"While the bridegroom tarried, they all slumbered and slept. And at midnight, there was a cry made, Behold, the bridegroom cometh; go ye out to meet him. * * And while they went to buy, the bridegroom came; and they that were ready, went in with him to the nuptials (tous gamous;) and the door was shut."-Math. 25:5, 6, 10.
...The return of the Lord was the hope of the primitive disciples, and pre-eminently so of the apostle Paul. This was founded on the positive declaration of Jesus himself, as the following passage proves:-
"I will come again and receive you to myself; that where I am, ye may also be."-John 14:3.
...the whole tenor of the New Testament writing on this subject, show that Paul's "earnest desire" was not for death, or for the intermediate state of the sects, but for the return of his Lord.
...The Scriptures when properly translated and understood, afford no succor to those who believe in disembodied ghosts, "neverdying souls," and immortal spirits, being borne aloft on angels' wings to the presence of the Uncreated One. His abode is beyond the ken of mortal eye, or the range of human volition-in the "light which no man can approach unto: whom no man hath seen, nor can see." Let those who are carried away by such mental illusions and vain philosophy, abandon their speculations, and "receive with meekness the engrafted word, which is able to save their souls."
Herald of the Kingdom and Age to Come, Aug 1856.
Depart and be with Christ
In the first place, we remark, that Paul did not write what is attributed to him in the common version of the New Testament. Before, then, we can interpret his words, we must ascertain what he said; and because the English does not truly report them, we decline the impossible task of scripturally expounding the English text. What, then, did the apostle say? Let us see! "I know," saith he,
"that this (the preaching of Christ in pretence or truth, see ver. 18,) will result in deliverance to me through your supplication, and assistance of the spirit of Jesus Christ: according to my earnest expectation and hope, that in nothing I shall be confounded, but with all boldness of speech, as at all times, also now Christ shall be magnified in my body, whether through life or through death.
For to me the living is Christ, and the dying, gain. But since the living in flesh is for me a fruit of labour, what even I myself shall choose I know not. For I am straitened by the two, having the earnest desire for the returning and being with Christ, far better by much. But the continuing in the flesh (is) more needful on account of you. And having this conviction, I know that I shall continue and remain among you all, to the advancement and rejoicing of your faith."
Now, with such a translation as this, which cannot be set aside, no one would ever have thought of referring to the passage in proof of immortal-soulism in any of its details. There is one word in the Greek, however, the sense of which is uncertain, and in dispute with the schoolmen of the Apostacy. That word is the verb, ̓ναλῦσαι, analusai, aor. 1. inf. act. It comes from αναλυε, analuo, which is compounded of ανα, back again, and λυω, to loose.
It is particularly applied by Homer, to loosening the cables of a ship in order to sail from port. "Hence," says Parkhurst, "in the N. Test., to return or depart, and occurs in Luke 12:36; where Wetstein shows that this verb, followed by απο των δειπνων, εκ σνμποσιον, &c., is, in the Greek writers, likewise used for returning, or departing from a supper-from a banquet, &c.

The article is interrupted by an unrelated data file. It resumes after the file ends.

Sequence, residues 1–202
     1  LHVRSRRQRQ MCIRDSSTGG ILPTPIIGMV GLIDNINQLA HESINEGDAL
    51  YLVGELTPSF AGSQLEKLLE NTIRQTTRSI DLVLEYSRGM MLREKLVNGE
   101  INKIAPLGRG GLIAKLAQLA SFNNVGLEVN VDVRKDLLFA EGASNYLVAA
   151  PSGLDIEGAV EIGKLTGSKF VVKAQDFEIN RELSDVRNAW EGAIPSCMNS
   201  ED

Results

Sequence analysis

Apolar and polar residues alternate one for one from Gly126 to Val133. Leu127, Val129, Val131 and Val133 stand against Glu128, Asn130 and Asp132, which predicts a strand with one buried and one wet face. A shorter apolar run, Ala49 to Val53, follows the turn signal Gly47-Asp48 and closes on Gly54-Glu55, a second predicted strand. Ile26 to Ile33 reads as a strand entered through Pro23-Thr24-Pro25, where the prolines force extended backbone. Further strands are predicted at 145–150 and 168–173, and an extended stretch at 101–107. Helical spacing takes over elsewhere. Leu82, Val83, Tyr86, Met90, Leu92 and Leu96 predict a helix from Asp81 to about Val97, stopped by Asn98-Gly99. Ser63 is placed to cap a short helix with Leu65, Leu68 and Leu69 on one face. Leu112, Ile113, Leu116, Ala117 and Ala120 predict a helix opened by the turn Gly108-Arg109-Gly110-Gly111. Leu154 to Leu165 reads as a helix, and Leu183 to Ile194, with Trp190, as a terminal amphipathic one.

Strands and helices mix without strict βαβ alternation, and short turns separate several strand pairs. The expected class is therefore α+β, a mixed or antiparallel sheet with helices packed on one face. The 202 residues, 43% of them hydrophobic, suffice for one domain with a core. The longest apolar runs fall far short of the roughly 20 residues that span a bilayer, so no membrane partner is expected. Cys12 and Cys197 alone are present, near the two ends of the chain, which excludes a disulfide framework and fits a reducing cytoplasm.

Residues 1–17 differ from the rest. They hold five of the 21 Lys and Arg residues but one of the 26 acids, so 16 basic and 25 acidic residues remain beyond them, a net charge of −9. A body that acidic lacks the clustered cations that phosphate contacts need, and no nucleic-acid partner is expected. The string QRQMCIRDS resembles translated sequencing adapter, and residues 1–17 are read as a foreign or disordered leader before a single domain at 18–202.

The text in Luke reads thus: "Be ye," saith Jesus to his disciples,
"like to men waiting for their lord; at length he shall return (αναλυσει, analusei) for the nuptials: so that coming and having knocked, immediately they shall open to him. Happy are those servants, whom the Lord coming shall find watching."
Here the sense of the verb is obvious enough to any other than a mind spoiled by the philosophy and vain deceit of the schools. These know nothing about "the nuptials," so that in reading the text they cannot see the sense.
"At length the Lord shall return for the nuptials."
Or read it thus:
"At length the Lord shall depart for the nuptials;"
who cannot see that "depart" here signifies return; for, for the Lord to depart when the "at length" shall have expired, is equivalent to his setting out from where he is, that he may go to where the bride resides.
Now, Paul tells us that the Ecclesia is his bride; and she is notoriously a resident on earth. (See Eph. 5:23-32; Rev. 19:7, 8.) He will, therefore, depart from heaven to earth, to be finally and forever united to the espoused who are waiting for him. This was the earnest expectation and hope of the apostles, as it was of all whom they enlightened, and as it is now of all who have any scriptural claim to the name of Christian. This is styled in Scripture, The Returning; and is thus expressed in Acts 1:11-
"This same Jesus, who is taken up from you into the heaven, shall so come in like manner as ye have seen him go into the heaven."
All true Christ[adelphians], in all ages and generations since, have been waiting and watching for this event, upon which depends their life and glory in the Aions.
"Constantly hope for the gift to be brought to you," saith Peter, "at the unveiling of Jesus Christ"-1 Pet. 1:13.
But we need not multiply words on this point: the returning or departing is one of the first or elementary principles of the oracles of God.
Herald of the Kingdom and Age to Come, Mar 1857
27 Only let your conversation be as it becometh the gospel of Christ: that whether I come and see you, or else be absent, I may hear of your affairs, that ye stand fast in one spirit, with one mind striving together for the faith of the gospel;
This epistle contains no criticism or rebuke. But if there was one thing in which Paul thought it advisable to exhort them, this would be it.
Bro Growcott - BYT 4.39